Ram (Jackie Shroff) is assigned a case to bring down a terrorist organisation. Ballu (Sanjay Dutt) is the poster boy for Roshida’s (Pramod Muthu) gang. When Ballu escapes from jail, Ram is accused of neglecting his duty to go spend time with his girlfriend Ganga (Madhuri Dixit). When what looks like every policeman in India is put on Ballus’ trail with no success, Ganga finds a way to infiltrate the gang. She sees that Ballu is not quite as bad as he seems, although he is far from being misunderstood. Eventually the police close in, and Ganga is caught between Ram, duty, and her empathy with Ballu.

Madhuri looks stunning and delivers a strong and engaging characterisation. There is nothing simpering or weak about prison officer Ganga. When she sees an opportunity to help Ram restore his reputation, she asks for his support. Then she does it anyway. When she sees Ballu needs medical help, she just goes and gets a doctor because it is the right thing to do. Madhuri does some wonderful deliberately bad acting when Ganga, having captivated Ballu, joins the gang and goes on the run.

Then in Aaja Sajan Aaja she is simply incandescent as she dances for her Ram. Madhuri was also lucky as Ganga dresses in Indian attire, not the hideous synthetic 80s gear that Ballu wears when he tries to impress.

 

Sanjay Dutt is so very good in some scenes that it makes me angry at how bad he is for much of the film. He adopted a range of bizarre grimaces and physical tics that I think were meant to emphasise the animal side of Ballu, but just made him look ridiculous and clumsy. When he dropped the exaggerated mannerisms and just channelled the emotions, he was compelling and raw. While asserting his ownership of Ganga, Ballu accidentally defends democracy and becomes a Nayak for those people. His awakening to being respected and enjoying that feeling was nicely done, even though there was a lot of literal flag waving to make sure the point didn’t escape unnoticed.

Jackie Shroff is perfectly competent as Ram, and only tries to tear his clothes off once so that was good. For my money Ram is the least interesting character. He knows he is right, everyone knows he is right and he is not averse to using extreme force against Ballu to prove how right he is. While there is an interesting dynamic between hero and villain, there is minimal character development for Ram. A relationship between Ganga and Ballu would be a Very Bad Idea but I thought marrying Ram could be a bit suffocating.

The Ramayana elements were more obvious to me on a recent re-watch than when I first saw it, particularly the twists on that narrative. I couldn’t help but compare this with Mani Ratnam’s Raavanan (which I greatly prefer to the Hindi Raavan). In Raavanan, Ram revealed his darker side and could become as Ravana but Khal Nayak seems to say rather that Ravana has the potential to be Rama. I liked that the question of what makes a hero or a villain was articulated and that this was more than a glorification of Rama. Ganga didn’t sway from her beliefs when she was frightened, and kept her faith in Ram. Ram wanted to believe Ganga but society and the law demanded she was still put to trial. I was annoyed that she had to have her virtue validated by a thief and murderer, a man so despicable in the eyes of the law that he had besmirched her just by his proximity but whose word was still worth more than hers. I know she is Sita and he is Ravana, but still. The film plays with some of the conventions especially around the notion of hero and villain. Ram is also helped by Ballu’s testimony, his reputation restored by the hand of a sinner.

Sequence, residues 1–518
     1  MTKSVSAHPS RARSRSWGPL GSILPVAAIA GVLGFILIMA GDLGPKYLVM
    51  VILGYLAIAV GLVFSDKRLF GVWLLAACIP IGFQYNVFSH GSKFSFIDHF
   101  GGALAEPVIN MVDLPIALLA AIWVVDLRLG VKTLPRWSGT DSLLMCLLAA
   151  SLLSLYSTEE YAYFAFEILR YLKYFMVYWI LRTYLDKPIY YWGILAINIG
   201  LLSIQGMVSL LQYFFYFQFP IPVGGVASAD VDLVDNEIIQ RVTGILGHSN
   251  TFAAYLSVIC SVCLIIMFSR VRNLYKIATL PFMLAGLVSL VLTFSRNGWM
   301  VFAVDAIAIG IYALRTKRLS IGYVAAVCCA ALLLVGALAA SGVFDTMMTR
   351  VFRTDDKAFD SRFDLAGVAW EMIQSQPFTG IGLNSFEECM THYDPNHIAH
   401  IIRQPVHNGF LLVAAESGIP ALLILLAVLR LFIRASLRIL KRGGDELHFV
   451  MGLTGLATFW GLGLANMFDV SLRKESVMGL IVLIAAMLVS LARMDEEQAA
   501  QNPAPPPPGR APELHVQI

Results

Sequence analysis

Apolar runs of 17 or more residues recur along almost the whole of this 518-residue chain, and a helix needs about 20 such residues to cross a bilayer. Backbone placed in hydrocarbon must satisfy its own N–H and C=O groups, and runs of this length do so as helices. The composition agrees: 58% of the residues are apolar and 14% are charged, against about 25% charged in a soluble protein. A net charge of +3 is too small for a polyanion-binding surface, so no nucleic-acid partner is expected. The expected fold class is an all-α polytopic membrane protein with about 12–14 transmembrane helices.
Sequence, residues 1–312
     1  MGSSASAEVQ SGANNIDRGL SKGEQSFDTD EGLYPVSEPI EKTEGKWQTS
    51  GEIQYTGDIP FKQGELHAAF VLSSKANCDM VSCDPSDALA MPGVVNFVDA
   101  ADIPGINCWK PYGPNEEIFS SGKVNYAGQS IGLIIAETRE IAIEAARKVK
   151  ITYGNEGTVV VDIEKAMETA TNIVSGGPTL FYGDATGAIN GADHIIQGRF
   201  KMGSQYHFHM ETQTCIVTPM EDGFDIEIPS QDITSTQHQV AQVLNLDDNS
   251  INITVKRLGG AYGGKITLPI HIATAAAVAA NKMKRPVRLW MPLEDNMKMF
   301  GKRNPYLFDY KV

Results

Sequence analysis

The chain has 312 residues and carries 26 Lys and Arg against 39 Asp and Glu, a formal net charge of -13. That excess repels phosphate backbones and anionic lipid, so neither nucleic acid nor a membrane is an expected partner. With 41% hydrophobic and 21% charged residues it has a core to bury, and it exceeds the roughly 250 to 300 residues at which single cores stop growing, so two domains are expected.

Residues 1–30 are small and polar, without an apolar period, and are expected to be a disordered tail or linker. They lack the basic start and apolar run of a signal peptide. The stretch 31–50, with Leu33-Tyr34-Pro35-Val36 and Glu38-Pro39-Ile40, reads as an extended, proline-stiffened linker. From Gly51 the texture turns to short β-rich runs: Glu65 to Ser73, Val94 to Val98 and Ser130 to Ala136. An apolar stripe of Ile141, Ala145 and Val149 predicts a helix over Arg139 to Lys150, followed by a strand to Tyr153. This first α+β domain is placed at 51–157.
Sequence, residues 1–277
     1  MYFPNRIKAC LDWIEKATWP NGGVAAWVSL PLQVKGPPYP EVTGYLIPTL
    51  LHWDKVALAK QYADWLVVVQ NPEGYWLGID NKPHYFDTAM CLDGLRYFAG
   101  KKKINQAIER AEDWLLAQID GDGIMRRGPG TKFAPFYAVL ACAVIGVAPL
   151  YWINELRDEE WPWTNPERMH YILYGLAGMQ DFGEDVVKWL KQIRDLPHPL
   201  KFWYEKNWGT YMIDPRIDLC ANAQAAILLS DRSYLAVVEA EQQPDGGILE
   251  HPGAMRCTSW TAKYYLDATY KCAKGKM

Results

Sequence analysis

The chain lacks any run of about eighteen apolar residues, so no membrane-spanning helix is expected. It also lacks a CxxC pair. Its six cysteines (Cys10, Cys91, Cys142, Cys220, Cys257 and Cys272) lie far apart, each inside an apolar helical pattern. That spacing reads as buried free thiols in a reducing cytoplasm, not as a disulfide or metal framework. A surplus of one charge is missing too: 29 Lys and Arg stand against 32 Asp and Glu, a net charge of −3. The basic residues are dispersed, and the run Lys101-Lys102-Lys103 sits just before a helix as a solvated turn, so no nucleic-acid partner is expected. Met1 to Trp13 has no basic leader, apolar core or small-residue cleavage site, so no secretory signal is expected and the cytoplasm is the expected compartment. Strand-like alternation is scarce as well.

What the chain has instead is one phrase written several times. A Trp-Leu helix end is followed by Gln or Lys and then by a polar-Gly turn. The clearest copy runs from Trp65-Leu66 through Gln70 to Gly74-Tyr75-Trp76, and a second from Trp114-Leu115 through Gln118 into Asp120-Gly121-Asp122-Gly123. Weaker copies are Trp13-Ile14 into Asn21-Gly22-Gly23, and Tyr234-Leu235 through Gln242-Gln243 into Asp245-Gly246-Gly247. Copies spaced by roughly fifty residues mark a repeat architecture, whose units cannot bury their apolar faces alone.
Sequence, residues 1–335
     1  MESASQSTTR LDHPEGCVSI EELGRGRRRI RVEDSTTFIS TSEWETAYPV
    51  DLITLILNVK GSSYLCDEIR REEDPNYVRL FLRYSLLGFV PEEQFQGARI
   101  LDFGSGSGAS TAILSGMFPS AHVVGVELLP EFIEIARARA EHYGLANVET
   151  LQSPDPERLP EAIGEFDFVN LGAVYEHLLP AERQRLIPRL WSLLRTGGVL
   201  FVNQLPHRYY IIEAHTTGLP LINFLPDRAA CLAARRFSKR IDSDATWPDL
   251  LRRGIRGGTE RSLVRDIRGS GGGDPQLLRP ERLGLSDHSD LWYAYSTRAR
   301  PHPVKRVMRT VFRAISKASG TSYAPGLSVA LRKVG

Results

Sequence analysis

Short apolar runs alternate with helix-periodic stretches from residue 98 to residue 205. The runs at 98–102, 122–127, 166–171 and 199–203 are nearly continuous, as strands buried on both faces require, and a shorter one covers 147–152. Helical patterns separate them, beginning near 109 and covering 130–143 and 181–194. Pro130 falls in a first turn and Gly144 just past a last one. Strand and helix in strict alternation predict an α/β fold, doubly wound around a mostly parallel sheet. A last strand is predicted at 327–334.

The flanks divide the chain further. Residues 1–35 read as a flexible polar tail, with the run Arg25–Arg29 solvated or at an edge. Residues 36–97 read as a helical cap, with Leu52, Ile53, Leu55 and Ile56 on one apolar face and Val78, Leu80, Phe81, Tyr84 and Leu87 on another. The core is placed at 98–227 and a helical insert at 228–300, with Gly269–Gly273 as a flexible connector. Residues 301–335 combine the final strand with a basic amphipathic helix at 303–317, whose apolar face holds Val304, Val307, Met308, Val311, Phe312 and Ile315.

Ghai doesn’t quite go the whole hog but he does use a range of staple masala ingredients and has a lush visual style. Ram and Ballu have bloody fights that crash through walls and take to the treetops. There are long lost childhood friends and dreary paeans to motherhood. There are coincidences, speechifying and tearful reconciliations galore. The evil mastermind Roshida has a nasty disposition and lots of cats who do a fabulous job of reacting to stuff.

Rakhee gets a lot of screen time as Arti, not all of it crying. Neena Gupta makes an impression as the striking Champa. Ramya Krishnan is charismatic as Ballu’s girlfriend Sophia, and also gets both versions of the title song. What a waste to have her in such a small role, but how great to have so many powerful actresses in one film. The female characters are strong and quite distinct, but Subhash Ghai stays firmly within the conventions of 90s masala so none of them break the mould of Ma, the friend, bad girl etc.  Oh, and Anupam Kher does his customary shtick as Pandey the prison warden.

There are interesting observations about the conventions of parenting and filial behaviour. Ganga tries to evoke Ballu’s sentimental side by talking wistfully of how much he must love his Ma and how hard it must be for him to live on the run. He calls Ganga out on trying to manipulate him through sentiment, but he rejects that as unimportant to him. Question – If a villain shouts ‘Ma!’ in his sleep and there is no one to hear it, does he have feelings?

Mind you, when Ballu is beating Ram up because why not, Arti hits Ballu for assaulting Ram, Ballu shoves her so Ram belts him for hitting a Ma, then Ballu fights back and Arti comes back at him to stop him using violence.  A move straight out of the Nirupa Roy Filmi Ma Manual.

The songs are extensions or amplifications of the narrative as well as being beautiful and usually pleasingly melodic.

I am not so fond of that title track, although it does epitomise early 90s style and Ramya Krishnan works that beaded gear for all it’s worth.

Khal Nayak-Fruitbat

I had to pity choreographer Saroj Khan. Between Dutt’s own ‘dance’ style and the outfit given to Ballu in the final song, he looked more like a demented fruitbat. Seeing Ballu and the boys try their seductive dance moves on Ganga was highly amusing. But she choreographed some beautiful dances for Madhuri. I went to see the Temptations Reloaded show up in Sydney last year, and the roof nearly came off when the opening bars of Choli Ke Peeche played.

The first hour of the film could be condensed to around 20 minutes with no great loss, but things get much more interesting once events are set in motion. While it is a visually strong and often darkly dramatic film, the pace suffers from Ghai’s concentration on symbols and stylised elements rather than closely following the emotional arcs of the characters. Very much worth watching, but some patience is required. 3 ½ stars!